By contrast, it is fairly well established that in the data breach context that a disclosure of confidential information by the insured without the intervention of a third party will constitute a “publication” sufficient to fall within coverage. Travelers Indemnity Company vs. Portal Healthcare Solutions, 35 F.Supp.3d 765 (E.D. Va. 2014), aff’d, 644 Fed. Appx. 245 (4th Cir. 2016); Evanston Ins. Co. v. Gene by Gene, Ltd., 155 F.Supp. 3d 706, 708 (S.D. Tex. 2016) (insured published DNA results on its website without the affected individual’s consent).

Portal Healthcare is illustrative of this line of cases. In that case, Portal (a company specializing in the electronic safekeeping of medical records for hospitals) entered into a contract with Glen Falls Hospital for the storage of its patients’ records. Evidently by mistake, Portal caused or allowed patient records to be accessible, viewable, copyable and downloadable from the internet without security restrictions. A class action against Portal on behalf of patients was filed. Portal tendered the class action complaint to its carrier which denied coverage.

In the ensuing coverage lawsuit between Portal and its carrier, the court granted Portal’s motion for summary judgment. The court held that Portal’s allowing or causing this disclosure constituted a “publication”. Rejecting the carrier’s argument that there was no “publication” because it was not alleged that persons other than the patients themselves had viewed the medical records, the court noted that “publication occurs when information is ‘placed before the public’, not when a member of the public reads the information placed before it. By Travelers’ logic, a book that is bound and placed on the shelves of Barnes & Noble is not ‘published’ until a customer takes the book off the shelf and reads it. Travelers’ understanding of the term ‘publication’ does not comport with the term’s plain meaning, and the medical records were published the moment they became accessible to the public via online search”.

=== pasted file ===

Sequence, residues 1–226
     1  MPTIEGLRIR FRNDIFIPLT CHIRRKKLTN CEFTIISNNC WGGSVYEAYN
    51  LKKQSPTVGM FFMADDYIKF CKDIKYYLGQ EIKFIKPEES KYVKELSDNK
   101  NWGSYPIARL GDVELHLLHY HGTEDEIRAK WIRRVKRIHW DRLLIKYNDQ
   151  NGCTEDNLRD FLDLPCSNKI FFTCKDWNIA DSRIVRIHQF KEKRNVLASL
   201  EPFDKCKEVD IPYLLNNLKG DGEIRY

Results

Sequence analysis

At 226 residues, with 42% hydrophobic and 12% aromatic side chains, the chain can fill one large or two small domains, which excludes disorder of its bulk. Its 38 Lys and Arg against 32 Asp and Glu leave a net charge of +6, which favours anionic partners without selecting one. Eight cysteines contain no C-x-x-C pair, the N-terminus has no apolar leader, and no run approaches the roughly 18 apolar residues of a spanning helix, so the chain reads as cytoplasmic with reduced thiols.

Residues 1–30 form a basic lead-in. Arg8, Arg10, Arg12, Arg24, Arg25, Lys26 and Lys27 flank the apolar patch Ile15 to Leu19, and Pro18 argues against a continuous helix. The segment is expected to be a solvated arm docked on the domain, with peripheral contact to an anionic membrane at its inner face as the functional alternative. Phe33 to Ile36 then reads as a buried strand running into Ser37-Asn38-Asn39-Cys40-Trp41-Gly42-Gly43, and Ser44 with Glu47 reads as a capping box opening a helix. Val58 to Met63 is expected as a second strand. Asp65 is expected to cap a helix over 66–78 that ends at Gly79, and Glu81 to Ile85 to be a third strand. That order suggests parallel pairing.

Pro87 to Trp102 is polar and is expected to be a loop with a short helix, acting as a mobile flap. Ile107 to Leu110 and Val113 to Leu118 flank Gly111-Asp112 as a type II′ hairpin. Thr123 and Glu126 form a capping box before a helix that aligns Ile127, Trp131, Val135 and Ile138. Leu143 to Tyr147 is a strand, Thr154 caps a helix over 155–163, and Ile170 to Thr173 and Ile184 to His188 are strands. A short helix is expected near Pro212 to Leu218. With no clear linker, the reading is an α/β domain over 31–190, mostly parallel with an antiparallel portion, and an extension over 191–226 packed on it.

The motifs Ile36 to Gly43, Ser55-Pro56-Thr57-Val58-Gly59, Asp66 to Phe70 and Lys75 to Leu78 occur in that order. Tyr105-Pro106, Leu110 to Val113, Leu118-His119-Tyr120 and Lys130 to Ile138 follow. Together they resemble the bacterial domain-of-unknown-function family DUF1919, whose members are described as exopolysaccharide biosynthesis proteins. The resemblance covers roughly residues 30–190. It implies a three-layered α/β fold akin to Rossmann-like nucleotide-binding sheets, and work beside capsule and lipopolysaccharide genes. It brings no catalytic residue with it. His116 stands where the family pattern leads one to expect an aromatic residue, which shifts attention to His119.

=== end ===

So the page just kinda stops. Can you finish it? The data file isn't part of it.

Landry’s is pro-policyholder decision because it expands the concept of “publication” to include instances where disclosure as a result of a third party’s conduct (as distinct from the insured’s own conduct, as was the case in Portal Healthcare) will qualify as “publication” for purposes of coverage under a CGL policy. It remains to be seen whether other courts will adopt this approach.

This article was originally published in the Daily Journal